It's your device. It's your time. So make it your Internet.

#BeBraveDay

We've been busy at Brave building a solution designed to give users and publishers the fair deal they deserve on the Web. Today we're releasing our 0.9 developer version, which delivers what thousands have been asking for: the beginning of support for Chrome extensions with 1Password support, to help users better manage their security and privacy. Other password managers will follow soon. Another notable feature is the capacity to block phishing and malware, to make sure our users don't get hacked by dangerous domains. We are also introducing defenses against browser fingerprinting.

We've added these features because browsing the Web should be fast AND safe, and because users deserve to be in control of their data. Users are increasingly

Brave's Response to the NAA: A Better Deal for Publishers

The NAA has sent a letter to Brave Software filled with false assertions, indicating that they have fundamentally misunderstood Brave. Here are a few misconceptions we’d like to clear up: Brave is not, as the NAA asserts, “replac[ing] publishers' ads on the publishers' own websites and mobile applications with Brave's own advertising.” We do not tamper with any first-party publisher content, including native ads that do not use third-party tracking. Brave is not trying…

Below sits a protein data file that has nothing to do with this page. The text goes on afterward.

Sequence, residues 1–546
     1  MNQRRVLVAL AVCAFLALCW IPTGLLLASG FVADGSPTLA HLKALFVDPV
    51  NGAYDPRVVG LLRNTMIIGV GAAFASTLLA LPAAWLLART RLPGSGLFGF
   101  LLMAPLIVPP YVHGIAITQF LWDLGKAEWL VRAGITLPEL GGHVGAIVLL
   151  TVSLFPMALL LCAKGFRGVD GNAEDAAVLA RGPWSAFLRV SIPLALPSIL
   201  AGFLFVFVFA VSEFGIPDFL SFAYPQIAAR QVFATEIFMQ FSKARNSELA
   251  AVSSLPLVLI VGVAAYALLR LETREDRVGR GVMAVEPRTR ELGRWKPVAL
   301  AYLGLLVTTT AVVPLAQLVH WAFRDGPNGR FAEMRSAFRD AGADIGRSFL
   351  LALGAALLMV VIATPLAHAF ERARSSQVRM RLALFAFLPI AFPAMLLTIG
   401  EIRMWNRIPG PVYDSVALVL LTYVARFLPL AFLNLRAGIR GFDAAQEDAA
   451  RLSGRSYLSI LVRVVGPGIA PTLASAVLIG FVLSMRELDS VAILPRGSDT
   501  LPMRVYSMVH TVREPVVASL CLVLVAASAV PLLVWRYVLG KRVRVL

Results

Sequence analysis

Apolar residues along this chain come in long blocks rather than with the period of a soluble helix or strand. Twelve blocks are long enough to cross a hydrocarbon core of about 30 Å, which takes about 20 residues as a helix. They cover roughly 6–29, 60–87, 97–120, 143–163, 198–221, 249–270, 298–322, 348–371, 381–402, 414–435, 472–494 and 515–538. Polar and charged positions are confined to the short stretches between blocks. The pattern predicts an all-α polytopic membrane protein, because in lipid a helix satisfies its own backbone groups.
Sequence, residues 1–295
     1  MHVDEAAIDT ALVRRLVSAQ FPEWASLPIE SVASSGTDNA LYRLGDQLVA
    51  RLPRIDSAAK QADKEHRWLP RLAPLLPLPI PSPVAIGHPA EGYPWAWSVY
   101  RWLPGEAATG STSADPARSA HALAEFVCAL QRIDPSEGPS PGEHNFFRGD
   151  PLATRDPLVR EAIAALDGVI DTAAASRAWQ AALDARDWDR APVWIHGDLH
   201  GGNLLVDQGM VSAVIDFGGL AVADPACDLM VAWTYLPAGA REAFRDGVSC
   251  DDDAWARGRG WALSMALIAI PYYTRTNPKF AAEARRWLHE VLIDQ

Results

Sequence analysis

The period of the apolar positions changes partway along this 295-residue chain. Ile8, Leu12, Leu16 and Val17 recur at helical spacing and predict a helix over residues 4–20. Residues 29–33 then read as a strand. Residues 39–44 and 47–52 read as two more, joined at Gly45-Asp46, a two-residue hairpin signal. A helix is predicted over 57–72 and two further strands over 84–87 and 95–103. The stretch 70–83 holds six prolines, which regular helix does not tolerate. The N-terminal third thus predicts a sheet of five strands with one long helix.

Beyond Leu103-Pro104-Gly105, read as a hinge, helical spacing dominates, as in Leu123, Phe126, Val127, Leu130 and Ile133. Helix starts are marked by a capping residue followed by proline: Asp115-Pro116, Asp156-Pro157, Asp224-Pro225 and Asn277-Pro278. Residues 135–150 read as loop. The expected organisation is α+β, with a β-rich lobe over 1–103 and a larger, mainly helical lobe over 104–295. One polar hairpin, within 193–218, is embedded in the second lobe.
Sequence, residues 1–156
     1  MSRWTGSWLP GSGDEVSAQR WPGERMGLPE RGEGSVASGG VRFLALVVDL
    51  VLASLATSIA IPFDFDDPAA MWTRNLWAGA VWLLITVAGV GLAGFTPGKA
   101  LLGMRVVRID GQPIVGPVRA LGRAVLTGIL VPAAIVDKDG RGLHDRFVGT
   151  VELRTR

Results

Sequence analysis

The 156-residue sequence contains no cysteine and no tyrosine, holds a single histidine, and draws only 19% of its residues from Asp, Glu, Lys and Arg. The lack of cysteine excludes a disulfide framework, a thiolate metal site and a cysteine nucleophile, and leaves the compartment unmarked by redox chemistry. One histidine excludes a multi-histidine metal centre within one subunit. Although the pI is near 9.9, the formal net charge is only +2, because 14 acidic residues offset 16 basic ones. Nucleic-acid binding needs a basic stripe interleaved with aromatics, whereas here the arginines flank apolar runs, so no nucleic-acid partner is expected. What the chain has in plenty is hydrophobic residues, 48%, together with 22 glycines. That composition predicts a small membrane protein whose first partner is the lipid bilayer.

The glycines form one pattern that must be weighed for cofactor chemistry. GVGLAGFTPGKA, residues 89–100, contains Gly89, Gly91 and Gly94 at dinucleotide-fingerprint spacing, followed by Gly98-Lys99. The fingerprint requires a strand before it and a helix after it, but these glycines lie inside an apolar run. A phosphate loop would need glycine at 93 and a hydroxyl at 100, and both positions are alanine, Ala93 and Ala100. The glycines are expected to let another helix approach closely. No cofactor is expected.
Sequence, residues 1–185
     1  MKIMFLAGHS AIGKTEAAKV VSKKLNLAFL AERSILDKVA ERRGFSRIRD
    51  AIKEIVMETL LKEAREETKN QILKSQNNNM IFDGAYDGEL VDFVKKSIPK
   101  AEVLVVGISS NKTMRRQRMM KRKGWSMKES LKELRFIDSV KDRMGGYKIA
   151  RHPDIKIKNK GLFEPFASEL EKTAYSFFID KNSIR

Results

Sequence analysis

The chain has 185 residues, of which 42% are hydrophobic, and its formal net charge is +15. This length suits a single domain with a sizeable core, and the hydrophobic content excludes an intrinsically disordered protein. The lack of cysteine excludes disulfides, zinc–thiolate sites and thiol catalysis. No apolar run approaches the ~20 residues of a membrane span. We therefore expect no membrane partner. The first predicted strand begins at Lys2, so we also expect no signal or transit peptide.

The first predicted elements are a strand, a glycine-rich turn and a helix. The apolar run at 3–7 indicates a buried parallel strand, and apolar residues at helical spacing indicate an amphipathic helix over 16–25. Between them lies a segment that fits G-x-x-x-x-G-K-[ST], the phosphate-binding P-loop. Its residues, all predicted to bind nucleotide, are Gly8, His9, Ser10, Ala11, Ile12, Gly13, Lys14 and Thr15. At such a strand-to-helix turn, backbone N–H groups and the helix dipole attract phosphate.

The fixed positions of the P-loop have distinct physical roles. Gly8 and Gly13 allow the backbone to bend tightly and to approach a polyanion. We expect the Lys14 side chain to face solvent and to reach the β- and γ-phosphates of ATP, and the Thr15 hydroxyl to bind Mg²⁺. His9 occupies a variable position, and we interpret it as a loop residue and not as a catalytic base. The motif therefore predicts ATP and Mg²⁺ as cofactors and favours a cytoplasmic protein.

Brave's Payment Spec Out for Developer Input

UPDATE: some details in this post are obsolete; please see [new post]

At Brave Software, we love browsers. We love using them and we love coding them. As the user interface to the Web, we know how important browsers are to the Internet. And – if you've been following the story of Brave Software – you know that we are very concerned about anonymity, privacy and security. In particular, ad tracking and malvertising have become modern day threats. Even if some people don't care about being tracked, they do care about malware being delivered to their computer or mobile device via an ad. Furthermore, the entire ad network infrastructure constitutes an attack upon low latency and efficient use of network resources: numerous

How Brave Works for You

Last week I wrote:

“Brave is the only approach to the Web that puts users first in ownership and control of their browsing data by blocking trackers by default, with no exceptions.”

Our premise is that the Web requires ads for much of its funding, but not the poorly performing ads and trackers that drive users to ad-blockers. And we want to enable micropayments as an alternative, without requiring infrastructure changes from websites and publishers. Finally, we must protect Brave users from tracking and malvertisement.

This week I’d like to dive into the details of how Brave will achieve these goals of better ads for the Web, micropayments where users want them, and better revenue for everyone through cutting

How to Fix the Web

The Web is always in trouble for some reason or other. I remember when Microsoft came after Netscape and threatened to lock Web standards into IE. Only the Web is so big, with such reach to billions of users, that no one owns it. This means it will always be contested ground.

But the Web today faces a primal threat.

Some say the threat to the Web is “mobile”, but the Web is co-evolving with smartphones, not going away. Webviews are commonplace in apps, and no publisher of note is about to replace its primary website with a walled-garden equivalent. Nor can most websites hope to develop their own apps and convert their browser users to app-only users.

I contend